An Experimental Infection Model in Sheep and Goats to Evaluate Salmonella Colonization in Deep Tissue Lymph Nodes and after Carcass Vascular Rinsing with Bacteriophages in Goats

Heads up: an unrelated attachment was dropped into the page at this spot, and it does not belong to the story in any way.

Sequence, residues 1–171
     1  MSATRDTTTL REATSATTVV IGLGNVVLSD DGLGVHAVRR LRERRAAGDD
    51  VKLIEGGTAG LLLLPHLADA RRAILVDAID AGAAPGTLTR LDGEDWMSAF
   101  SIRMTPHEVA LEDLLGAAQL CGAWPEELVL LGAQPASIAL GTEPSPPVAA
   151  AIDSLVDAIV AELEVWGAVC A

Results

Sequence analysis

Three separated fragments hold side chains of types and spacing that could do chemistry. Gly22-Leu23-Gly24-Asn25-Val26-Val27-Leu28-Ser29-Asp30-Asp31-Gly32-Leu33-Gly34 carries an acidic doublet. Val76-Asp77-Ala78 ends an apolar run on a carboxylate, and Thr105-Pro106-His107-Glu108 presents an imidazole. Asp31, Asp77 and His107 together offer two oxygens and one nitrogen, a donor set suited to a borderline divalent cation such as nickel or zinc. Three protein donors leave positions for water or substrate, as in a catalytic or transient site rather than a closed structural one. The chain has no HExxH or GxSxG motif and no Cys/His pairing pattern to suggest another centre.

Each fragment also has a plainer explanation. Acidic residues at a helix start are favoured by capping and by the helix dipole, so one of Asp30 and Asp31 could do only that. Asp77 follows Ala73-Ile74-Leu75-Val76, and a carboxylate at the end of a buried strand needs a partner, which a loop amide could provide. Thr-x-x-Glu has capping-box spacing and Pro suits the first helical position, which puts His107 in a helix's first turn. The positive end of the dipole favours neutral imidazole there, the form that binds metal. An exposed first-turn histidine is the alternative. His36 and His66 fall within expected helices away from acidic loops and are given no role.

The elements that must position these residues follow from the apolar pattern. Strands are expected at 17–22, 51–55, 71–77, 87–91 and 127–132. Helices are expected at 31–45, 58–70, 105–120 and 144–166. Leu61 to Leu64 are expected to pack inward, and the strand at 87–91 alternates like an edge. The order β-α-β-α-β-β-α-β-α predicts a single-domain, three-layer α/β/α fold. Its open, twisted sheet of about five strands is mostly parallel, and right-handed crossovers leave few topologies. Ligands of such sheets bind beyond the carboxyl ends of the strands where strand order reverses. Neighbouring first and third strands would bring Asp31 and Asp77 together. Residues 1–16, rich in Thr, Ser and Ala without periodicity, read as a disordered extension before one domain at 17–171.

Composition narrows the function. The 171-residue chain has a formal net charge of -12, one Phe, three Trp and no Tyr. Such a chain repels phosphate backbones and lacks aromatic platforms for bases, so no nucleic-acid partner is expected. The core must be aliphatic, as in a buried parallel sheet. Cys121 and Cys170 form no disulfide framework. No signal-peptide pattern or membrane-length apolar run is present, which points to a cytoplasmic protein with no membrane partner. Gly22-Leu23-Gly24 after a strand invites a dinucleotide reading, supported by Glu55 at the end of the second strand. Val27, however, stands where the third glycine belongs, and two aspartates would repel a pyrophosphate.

An animal infection model was evaluated on sheep and goats to confirm which species infected with Salmonella enterica serovar Enteritidis C StR (SE13) would provide a consistent and high frequency of Salmonella colonization in lymph nodes (LNs) without causing undue animal morbidity. Sheep and goats (n = 5) were intradermally inoculated with Salmonella, postincubated for 7 days, and euthanized. Superficial cervical, medial iliac, subiliac, mammary, and popliteal LNs were excised from each carcass. Goat LNs had approximately 53% greater Salmonella level compared to sheep. Also, Salmonella was inconsistently recovered from the sheep LNs. Thus, goats were selected to determine the ability of carcass vascular rinsing (with and without bacteriophages) to reduce Salmonella in infected LNs. Goats with similar characteristics were grouped together before being randomly assigned to 3 postharvest treatments; control (CN, not vascularly rinsed; n = 10), vascularly rinsed with a standard Rinse & Chill® solution (RC; 98.5% water and a blend of saccharides and phosphates; n = 10), or vascularly rinsed with a standard Rinse & Chill® solution plus the addition of bacteriophages (BP; n = 10). Rinse & Chill® system was able to successfully deliver a mean 7.0 log PFU/g to the S. Enteritidis-infected LNs (mean 3.5 log CFU/g). However, neither Rinse & Chill® without bacteriophages nor with bacteriophages caused Salmonella reduction (P > 0.05) compared to the nonrinsed goat carcasses.